After reading the reviews here I was determined to try to find as much of value in this book as I could.
The author is clearly writing from an anti-capital punishment/pro-penal reform/humanitarian viewpoint, and that's fine by me. It is also not the task of books like this to declare antipathy towards the killer and empathy towards the victims - present the facts and let the reader decide.
But after this it's downhill all the way.
Is the title misleading? Yes. "Face to Face With Evil" - too sensationalist and the author never states that Brady is evil - when the question is asked in the book the author leaves it to the reader to decide, as it should be. "Conversations With Ian Brady" - this gives me the impression that most of the book will be transcripts of conversations, and it isn't. Conversations are referenced and there are many quotes from Brady, but most of the book is about the psychology and profiling of serial killing and the penal system of the UK, and the author and publisher missed a trick (as well as antagonising the readers) by the bad title choice.
The book seemed to me to be poorly structured, with sections injected into chapters where they just didn't seem to belong, possibly because no other place for them could be found. The writing style varies too much too - from the glib to the academic - with a smattering of sloppy grammar and repetition thrown in for good measure.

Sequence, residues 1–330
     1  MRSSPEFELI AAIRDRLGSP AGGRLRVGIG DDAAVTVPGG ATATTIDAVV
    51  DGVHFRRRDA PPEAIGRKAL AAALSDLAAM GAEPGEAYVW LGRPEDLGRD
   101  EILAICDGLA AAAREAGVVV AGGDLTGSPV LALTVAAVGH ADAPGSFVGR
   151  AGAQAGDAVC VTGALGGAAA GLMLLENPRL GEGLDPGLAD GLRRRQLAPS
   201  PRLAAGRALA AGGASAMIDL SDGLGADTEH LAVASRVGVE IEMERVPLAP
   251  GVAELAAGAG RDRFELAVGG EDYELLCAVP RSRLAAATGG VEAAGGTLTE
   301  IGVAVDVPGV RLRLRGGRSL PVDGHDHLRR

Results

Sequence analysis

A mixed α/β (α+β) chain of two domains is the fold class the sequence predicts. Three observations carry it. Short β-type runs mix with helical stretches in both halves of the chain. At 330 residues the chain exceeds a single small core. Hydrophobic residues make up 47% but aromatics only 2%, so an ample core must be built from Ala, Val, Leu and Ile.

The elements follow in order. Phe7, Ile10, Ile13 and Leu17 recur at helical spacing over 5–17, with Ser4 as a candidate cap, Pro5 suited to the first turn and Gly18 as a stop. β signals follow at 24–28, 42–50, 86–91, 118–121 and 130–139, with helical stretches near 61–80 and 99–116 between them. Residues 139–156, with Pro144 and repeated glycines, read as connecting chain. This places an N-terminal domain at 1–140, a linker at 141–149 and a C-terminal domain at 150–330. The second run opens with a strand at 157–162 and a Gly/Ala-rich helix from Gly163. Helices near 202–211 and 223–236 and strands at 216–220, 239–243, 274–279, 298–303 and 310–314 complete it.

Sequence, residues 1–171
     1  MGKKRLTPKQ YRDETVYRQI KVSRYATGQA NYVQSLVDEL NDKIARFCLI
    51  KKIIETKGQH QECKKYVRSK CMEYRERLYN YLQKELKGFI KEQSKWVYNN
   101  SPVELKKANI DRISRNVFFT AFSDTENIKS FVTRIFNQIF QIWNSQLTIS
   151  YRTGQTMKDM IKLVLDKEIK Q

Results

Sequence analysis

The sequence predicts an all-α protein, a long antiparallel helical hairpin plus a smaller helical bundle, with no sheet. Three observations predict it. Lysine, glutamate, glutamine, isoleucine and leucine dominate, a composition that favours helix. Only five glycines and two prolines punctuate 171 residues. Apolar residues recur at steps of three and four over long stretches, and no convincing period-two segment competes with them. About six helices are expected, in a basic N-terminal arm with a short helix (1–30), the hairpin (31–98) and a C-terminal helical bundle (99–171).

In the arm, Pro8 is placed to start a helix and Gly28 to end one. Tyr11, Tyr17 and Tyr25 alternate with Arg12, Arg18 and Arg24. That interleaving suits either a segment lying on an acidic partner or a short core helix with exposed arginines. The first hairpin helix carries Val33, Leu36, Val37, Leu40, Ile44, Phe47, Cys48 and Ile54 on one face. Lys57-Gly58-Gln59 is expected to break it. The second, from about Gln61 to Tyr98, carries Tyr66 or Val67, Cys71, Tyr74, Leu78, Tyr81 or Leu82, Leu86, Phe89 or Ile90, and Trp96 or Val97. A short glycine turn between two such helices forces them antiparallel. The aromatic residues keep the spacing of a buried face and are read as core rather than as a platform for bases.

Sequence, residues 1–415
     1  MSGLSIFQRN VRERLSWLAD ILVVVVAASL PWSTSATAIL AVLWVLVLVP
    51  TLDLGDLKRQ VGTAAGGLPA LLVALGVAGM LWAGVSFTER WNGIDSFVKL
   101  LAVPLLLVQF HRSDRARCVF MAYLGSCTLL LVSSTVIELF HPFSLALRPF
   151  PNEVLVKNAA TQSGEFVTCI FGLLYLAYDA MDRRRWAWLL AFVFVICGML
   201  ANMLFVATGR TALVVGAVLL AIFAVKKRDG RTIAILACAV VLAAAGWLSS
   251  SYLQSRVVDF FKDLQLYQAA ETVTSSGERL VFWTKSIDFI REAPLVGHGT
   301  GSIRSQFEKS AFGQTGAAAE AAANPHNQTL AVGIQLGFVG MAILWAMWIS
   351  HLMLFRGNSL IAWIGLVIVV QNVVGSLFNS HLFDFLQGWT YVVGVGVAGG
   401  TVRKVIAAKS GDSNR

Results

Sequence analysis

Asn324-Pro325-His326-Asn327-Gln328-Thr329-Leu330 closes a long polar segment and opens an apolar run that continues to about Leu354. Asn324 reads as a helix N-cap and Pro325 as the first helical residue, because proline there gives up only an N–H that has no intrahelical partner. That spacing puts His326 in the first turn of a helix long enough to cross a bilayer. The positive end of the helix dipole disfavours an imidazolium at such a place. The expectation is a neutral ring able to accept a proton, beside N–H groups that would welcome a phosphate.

But worse, so much worse, is the plethora of unforgivable factual errors. Just taking references to Ted Bundy, for example, about 80% of what is written about him in this book is wide of the mark - from unsubstantiated or discredited hypotheses presented as fact right through to complete factual missers. There are too many to list, but just a couple of examples: Page 65: "... and on one occasion attacked five women in one night, three of them ending up dead.", Two, actually, Margaret Bowman and Lisa Levy. Page 161: "He was convicted of 30 murders, ...". He was convicted of just three murders: Bowman, Levy and Diane Leach. And so on. Though these errors do not affect the thrust of the arguments, they are incredibly sloppy and have no place in a serious work like this. They set my teeth on edge and made me doubt every fact presented on every topic.
I tried to find the good in this book. It has some good, but it's not good enough.